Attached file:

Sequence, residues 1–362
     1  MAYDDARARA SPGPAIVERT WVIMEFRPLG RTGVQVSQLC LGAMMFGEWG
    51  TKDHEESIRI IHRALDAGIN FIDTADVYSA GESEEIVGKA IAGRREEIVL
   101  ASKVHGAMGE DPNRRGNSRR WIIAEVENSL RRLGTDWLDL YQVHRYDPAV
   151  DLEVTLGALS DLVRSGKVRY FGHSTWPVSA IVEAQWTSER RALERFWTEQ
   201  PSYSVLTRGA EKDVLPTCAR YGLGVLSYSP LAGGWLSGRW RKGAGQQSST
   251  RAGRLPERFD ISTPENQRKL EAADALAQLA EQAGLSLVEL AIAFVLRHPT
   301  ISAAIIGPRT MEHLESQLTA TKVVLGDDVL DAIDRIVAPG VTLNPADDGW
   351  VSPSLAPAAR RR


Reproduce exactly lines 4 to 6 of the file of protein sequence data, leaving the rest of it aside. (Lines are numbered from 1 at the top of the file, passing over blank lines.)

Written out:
   101  ASKVHGAMGE DPNRRGNSRR WIIAEVENSL RRLGTDWLDL YQVHRYDPAV
   151  DLEVTLGALS DLVRSGKVRY FGHSTWPVSA IVEAQWTSER RALERFWTEQ
   201  PSYSVLTRGA EKDVLPTCAR YGLGVLSYSP LAGGWLSGRW RKGAGQQSST